The photo below illustrates insides of the former main library – too bad it was impossible to enter the actual library rooms. The access to library is restricted to students with IDs. Such restrictions are totally understandable, because the university campus is located in central part of Philadelphia, and some of people who pass through the central streets of this ancient city are likely to have some criminal intent.
Alright, let us go back to our students. I asked them about what did prove to be the hardest part of adaptation process so far. All my responders agreed that language barrier, homesickness, and absence of national food were major challenges as of now. Also, I was curious if students feel that there is any difference in the learning atmosphere between Upenn and the place they had studied earlier. Here my question produced quite a different answers:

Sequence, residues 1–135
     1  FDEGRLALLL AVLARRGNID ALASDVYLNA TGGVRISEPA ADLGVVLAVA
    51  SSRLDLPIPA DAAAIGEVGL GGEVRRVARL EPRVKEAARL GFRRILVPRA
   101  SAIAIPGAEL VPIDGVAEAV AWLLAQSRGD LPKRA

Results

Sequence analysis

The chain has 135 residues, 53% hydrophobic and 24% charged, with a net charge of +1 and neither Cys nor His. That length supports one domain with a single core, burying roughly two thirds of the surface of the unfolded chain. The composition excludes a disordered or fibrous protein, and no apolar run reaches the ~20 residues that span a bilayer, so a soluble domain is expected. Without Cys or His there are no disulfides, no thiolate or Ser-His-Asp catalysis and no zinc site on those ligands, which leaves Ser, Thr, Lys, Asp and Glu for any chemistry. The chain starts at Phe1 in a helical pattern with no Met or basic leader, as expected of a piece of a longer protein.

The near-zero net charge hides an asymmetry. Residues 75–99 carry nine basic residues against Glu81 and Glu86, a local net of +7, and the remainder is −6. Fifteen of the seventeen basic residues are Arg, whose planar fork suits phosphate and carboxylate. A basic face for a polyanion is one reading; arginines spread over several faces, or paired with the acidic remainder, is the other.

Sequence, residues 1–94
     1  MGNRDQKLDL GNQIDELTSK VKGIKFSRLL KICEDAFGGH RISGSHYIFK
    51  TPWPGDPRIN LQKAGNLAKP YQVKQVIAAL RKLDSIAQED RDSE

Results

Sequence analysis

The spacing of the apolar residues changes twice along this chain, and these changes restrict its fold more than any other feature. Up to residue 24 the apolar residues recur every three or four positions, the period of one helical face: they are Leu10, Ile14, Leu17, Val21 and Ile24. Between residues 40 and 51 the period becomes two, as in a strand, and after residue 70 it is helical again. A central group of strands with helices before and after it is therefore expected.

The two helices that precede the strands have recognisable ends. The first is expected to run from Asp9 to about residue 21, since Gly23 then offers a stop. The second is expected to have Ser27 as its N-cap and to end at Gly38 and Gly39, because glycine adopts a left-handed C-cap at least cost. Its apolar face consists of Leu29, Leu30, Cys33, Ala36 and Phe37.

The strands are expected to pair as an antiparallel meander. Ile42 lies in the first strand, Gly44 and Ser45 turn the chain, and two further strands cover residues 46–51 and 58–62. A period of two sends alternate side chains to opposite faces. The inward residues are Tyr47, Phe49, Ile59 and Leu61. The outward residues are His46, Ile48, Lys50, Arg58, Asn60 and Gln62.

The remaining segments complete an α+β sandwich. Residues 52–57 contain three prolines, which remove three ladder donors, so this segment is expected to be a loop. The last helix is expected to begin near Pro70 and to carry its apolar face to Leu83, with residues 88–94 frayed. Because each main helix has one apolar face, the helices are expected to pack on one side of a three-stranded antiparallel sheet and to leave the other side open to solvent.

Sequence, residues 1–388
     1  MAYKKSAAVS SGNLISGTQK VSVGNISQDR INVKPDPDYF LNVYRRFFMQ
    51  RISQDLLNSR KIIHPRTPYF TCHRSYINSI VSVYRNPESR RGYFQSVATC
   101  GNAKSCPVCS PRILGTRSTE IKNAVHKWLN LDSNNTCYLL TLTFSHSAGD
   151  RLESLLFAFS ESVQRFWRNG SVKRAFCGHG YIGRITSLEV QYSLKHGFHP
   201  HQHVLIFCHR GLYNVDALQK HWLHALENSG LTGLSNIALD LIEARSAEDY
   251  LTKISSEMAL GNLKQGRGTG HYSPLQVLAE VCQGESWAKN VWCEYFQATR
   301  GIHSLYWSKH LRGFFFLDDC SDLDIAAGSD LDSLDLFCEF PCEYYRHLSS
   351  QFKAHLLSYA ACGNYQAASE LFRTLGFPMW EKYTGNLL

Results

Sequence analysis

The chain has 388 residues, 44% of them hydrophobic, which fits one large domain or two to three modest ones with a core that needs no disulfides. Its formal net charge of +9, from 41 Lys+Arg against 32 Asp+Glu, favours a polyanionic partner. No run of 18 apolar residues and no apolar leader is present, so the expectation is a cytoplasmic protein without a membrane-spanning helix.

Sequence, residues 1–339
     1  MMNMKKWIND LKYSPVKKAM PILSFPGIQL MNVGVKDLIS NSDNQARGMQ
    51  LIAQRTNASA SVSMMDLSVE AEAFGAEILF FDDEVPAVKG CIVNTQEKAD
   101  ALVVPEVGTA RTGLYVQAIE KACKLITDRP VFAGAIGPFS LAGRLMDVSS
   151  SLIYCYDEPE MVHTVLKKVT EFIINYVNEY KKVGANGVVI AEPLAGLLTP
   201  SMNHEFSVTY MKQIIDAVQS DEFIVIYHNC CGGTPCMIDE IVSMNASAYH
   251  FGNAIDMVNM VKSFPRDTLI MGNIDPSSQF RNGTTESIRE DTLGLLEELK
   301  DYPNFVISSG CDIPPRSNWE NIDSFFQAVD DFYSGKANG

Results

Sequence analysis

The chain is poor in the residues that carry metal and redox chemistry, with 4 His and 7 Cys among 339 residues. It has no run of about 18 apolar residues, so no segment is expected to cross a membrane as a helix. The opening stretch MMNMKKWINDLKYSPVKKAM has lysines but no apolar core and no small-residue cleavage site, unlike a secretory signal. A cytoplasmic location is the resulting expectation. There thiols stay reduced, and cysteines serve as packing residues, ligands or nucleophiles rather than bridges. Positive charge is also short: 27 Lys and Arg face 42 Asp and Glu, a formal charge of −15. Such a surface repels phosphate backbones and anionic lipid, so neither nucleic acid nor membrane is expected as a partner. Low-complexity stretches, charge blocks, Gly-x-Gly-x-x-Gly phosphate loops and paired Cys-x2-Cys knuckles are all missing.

In Ruslan's opinion as far as desire for attaining new knowledge goes, Upenn students are more serious about it than students in his previous schools.
Zhibek - “Americans are individualists – this is the major difference”.
Dauren - “I don't really notice that much difference. There are some advantages and some disadvantages in both places”
In Rauan's view, the level of friendliness between students was significantly higher in Kazakhstan. However, he also points out that seemingly less friendliness can be caused by a language barrier.
All Bolashak responders pointed out that inside their relatively small Kazakh community, which consists of approximately 30 people, the mutual support is very strong. Furthermore, all four students shared the same viewpoint stating that celebration of national holidays should be set as priority for their community. At this point Ruslan pointed out that it is important to invite many various guests, including foreigners and mass media, to Kazakh national holidays celebrations.